The first messiah is more of an internal Jewish matter, the dramatic changes in world order and spirituality occur with the second messiah.)

3.) As for the Atwill book, I have not read it.
But it's premise is possible, as the Romans did their level best to destroy Judaism from when they invaded Israel and Judah in the first century.
 
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@Schwadevivre
I did not write that King Solomon dates from 516BCE.
He built the first Temple, around 970BCE.
And there is still zero evidence he is any more than a myth and no evidence of a "First Temple" dating from that time

I cite the Tel Dan inscription...why would it mention "The House of David" if no King David existed?
It dates from roughly 800BCE.
I wrote "The much later Tel Dan Stele (10th C BCE) and the Moabite Stele (c.850 BCE) mention only a "House of David" which no more implies a real David than the claimed descent of Julius Caesar from Iulus, supposedly the child of the Trojan prince Aeneas." (Emphasis added) Please try reading for comprehension. In answer to your why - Why make a claim of descent from mythical beings? For the same reason the gens Iulia of Caesar claimed Iulus (and hence Aeneas) and both Plantagenets and Tudors claimed to be heirs of Arthur and the Japanese Royal Family claim the Emperor Jimmu, to prop up their claims to nobility.

But you might then claim that just because this is when it dates from, it could have been a myth even then!
There is still no evidence supporting the construction of the First Temple by Solomon only later attribution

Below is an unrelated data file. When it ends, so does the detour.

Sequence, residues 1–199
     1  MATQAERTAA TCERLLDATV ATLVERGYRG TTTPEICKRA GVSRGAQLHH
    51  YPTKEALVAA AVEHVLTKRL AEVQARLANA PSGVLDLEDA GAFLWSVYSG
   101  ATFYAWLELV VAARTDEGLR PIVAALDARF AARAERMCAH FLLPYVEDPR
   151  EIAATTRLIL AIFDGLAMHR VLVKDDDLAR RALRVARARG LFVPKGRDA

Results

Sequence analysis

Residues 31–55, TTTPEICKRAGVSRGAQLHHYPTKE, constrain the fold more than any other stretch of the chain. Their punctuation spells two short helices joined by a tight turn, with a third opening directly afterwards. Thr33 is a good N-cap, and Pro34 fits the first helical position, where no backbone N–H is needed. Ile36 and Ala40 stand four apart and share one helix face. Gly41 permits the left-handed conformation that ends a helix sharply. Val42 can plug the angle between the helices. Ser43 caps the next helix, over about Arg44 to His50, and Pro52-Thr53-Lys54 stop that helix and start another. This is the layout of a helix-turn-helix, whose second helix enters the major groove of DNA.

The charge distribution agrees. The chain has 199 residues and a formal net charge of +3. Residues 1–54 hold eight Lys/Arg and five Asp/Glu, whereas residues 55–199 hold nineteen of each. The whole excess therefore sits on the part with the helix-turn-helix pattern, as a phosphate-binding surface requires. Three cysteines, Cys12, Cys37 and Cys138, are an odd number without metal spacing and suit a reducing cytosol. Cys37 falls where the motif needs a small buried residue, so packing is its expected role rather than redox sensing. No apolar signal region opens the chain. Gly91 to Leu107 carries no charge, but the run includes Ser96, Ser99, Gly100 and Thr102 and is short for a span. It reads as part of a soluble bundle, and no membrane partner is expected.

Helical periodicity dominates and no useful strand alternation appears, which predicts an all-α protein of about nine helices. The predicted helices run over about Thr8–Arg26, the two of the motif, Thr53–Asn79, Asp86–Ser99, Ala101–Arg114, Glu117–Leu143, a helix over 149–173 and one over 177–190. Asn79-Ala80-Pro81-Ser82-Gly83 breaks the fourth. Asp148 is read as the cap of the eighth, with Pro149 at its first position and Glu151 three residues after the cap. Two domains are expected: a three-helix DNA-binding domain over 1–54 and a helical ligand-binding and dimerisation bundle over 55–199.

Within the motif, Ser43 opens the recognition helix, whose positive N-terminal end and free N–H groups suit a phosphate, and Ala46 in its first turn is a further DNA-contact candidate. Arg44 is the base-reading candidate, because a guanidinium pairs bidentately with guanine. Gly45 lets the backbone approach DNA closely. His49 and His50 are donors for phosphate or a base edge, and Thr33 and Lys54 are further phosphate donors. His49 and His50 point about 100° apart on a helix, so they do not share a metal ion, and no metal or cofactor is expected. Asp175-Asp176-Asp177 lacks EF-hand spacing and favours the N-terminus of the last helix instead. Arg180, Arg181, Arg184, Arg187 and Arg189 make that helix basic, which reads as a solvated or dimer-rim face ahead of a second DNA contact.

Research by Professor Avraham Faust has shown a growth in wealth and urbanisation during the time of King David...not that you woudl believe this as you do not believe King David existed.
Finkelstein is but one side of a discussion.
Please cite any evidence produced by Prof Faust showing a figure called David actually existed. Presupposing that the urbanisation of ir David was because of this myth is either misreading of Faust's claims or (if stemming from Faust) abysmal scholarship. There are many other's who support Finkelstein including (for example) Prof Stavrakopolou

The archaeology is continuing and emerging....ultimately my belief is not based in it and I do not feel any need to back up my belief in King David by this archaeology....ultimately your non belief is rooted in this, what you would frame as "lack of" relevant archaeology.
My non-belief is based on an utter lack of any evidence, produce evidence and I will change my view. Archaeology used to support the idea of Solomon and David but now is agnostic on the matter because there is no direct evidence